In 1986, Berchtesgaden was a first round candidate city to host the XVI Olympic Winter Games to be held in 1992. The vote eventually went to Albertville, France, in October of that year.[9]

Berchtesgaden today

The Hotel Türken, which was near the Nazi buildings and was often used by the SS and then by the Generalmajor of the Police, was badly damaged in 1945. It was rebuilt in 1950 and reopened as a hotel before Christmas.[10] Visitors can still explore the historic underground hallways and tunnels that had been used by the Nazis.[11][12][13]

In 1972, local government reform united the then independent municipalities of Salzberg, Maria Gern and Au (consisting of Oberau and Unterau) under the administration of the town of Berchtesgaden. Another suggested reform uniting all remaining five municipalities in the Berchtesgaden valley (Bischofswiesen, Ramsau, Marktschellenberg and Schönau) failed to gain enough popular support; it passed in Berchtesgaden but failed everywhere else.

The Berchtesgaden National Park was established in 1978 and has gradually become one of Berchtesgaden's largest draws. Mass tourism is confined to a few popular spots, leaving the rest to nature-seekers. Other tourist draws are the Königssee, the salt mine, the Kehlsteinhaus, open seasonally as a restaurant and the Dokumentationszentrum Obersalzberg museum about the area's history, operated by the Munich Institut für Zeitgeschichte since 1999.[14][15][16]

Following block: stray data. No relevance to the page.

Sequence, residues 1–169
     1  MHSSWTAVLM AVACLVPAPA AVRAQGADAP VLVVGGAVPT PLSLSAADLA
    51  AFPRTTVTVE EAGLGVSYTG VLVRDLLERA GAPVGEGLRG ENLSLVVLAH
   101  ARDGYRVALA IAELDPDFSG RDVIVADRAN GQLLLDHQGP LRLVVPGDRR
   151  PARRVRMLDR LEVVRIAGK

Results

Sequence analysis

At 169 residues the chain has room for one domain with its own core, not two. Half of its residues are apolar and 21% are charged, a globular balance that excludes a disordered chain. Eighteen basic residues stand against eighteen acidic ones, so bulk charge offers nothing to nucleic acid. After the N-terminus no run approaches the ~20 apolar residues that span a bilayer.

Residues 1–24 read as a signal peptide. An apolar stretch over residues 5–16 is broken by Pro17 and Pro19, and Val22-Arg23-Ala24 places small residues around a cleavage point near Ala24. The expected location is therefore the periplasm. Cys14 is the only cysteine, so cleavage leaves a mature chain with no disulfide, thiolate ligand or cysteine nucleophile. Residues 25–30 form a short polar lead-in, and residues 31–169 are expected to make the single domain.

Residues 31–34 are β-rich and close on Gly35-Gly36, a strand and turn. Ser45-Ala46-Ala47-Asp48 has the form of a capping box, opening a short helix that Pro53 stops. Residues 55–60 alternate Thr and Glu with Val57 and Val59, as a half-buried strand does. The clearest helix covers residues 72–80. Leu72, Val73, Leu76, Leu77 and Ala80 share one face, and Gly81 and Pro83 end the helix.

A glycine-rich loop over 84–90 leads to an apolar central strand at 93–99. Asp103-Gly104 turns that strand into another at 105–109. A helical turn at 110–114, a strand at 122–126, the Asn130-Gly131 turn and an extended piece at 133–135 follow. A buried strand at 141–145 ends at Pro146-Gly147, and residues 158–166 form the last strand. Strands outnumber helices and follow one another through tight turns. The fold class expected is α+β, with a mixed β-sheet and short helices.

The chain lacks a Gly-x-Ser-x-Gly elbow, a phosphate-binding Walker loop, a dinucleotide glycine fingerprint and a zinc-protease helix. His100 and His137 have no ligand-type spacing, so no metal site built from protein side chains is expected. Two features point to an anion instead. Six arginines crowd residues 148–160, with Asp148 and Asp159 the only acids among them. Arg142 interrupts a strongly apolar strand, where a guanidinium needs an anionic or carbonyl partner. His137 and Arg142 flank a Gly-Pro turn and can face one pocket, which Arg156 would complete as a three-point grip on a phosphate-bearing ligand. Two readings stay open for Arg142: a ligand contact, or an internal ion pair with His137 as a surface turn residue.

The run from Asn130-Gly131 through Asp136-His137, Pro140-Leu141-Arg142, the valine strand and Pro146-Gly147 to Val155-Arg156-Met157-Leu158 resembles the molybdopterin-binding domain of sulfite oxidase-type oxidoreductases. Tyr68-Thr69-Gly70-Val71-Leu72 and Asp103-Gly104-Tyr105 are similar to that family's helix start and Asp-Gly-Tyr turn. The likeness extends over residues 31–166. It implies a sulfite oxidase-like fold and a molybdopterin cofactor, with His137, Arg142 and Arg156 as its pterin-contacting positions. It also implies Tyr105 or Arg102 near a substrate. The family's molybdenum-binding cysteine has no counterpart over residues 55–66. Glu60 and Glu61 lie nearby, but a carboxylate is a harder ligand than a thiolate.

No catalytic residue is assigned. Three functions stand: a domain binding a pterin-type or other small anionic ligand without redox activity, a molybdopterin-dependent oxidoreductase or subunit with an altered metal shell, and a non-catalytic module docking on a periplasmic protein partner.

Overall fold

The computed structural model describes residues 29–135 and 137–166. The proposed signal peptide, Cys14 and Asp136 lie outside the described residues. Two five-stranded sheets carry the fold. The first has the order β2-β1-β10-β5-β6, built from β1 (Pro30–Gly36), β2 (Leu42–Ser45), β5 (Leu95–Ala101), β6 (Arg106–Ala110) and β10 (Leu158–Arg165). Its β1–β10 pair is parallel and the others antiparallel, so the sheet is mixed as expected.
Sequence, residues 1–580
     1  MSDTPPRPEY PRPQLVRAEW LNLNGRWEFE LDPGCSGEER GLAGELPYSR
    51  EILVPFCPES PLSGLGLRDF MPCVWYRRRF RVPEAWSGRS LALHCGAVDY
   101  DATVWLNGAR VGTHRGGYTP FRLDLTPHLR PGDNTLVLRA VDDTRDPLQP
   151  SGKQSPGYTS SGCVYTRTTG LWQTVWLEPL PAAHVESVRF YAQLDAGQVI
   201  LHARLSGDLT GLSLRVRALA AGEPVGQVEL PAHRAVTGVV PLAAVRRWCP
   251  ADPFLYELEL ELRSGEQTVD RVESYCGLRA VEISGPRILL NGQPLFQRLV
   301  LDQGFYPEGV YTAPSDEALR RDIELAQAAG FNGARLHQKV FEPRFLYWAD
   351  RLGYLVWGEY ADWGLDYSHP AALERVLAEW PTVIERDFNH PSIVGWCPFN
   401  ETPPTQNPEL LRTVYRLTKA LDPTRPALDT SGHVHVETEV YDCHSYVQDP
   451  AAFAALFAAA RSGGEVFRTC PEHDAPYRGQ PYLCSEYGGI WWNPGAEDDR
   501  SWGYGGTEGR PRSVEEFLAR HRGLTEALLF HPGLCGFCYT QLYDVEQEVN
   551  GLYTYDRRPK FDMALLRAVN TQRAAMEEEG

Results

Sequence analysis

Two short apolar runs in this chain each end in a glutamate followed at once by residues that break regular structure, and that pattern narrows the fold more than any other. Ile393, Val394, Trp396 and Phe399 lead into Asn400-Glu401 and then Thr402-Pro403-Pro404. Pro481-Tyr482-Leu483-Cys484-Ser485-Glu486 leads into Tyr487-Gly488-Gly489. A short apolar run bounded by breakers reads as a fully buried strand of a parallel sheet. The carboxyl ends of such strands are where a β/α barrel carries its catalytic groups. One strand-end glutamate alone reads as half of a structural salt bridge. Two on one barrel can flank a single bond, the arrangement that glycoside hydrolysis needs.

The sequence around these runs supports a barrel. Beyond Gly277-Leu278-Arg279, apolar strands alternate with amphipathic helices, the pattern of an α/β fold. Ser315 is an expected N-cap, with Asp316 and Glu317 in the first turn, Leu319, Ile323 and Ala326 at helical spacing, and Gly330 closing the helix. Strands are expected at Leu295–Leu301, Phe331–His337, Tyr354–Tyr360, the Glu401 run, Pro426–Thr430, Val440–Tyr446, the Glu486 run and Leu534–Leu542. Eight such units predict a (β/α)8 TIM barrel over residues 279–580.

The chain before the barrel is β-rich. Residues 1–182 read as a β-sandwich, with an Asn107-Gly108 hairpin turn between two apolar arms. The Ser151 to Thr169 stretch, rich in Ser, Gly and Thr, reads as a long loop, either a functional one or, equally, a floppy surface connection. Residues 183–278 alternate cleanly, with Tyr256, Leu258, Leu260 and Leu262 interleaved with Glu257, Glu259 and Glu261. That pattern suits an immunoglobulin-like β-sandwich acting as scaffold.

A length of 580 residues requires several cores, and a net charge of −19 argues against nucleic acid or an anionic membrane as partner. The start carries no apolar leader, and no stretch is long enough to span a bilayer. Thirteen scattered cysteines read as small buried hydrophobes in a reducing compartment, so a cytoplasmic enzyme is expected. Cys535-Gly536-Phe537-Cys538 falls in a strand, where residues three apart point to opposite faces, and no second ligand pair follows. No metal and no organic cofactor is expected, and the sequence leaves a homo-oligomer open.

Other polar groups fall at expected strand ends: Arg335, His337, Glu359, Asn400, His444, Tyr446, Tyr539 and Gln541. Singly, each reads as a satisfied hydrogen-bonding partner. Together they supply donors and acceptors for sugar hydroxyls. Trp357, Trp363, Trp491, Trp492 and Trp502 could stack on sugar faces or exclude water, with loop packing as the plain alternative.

Recreational and competitive sports have grown in importance. The town's ski slope is popular. The Königssee bobsleigh, luge, and skeleton track has hosted ski-running and a number of international events and competitions. Berchtesgaden's most famous sports personality is Georg Hackl, a multiple Olympic medal winner. The city is home to the International Luge Federation (FIL).

Unlike the northern part of Berchtesgadener Land and the Salzburg area, Berchtesgaden has virtually no manufacturing industry.

Berchtesgaden Central Station is connected by the Salzburg–Berchtesgaden railway to the Rosenheim–Salzburg railway at Freilassing.

The Bavarian state government facilitated the erection of a hotel, which opened in 2005 and is operated by the InterContinental Hotels Group.[15] Since May 2015, the hotel has been the Kempinski Berchtesgaden.[17][18]


Berchtesgaden's neighbouring towns are Bischofswiesen, Marktschellenberg, Ramsau, and Schönau am Königssee.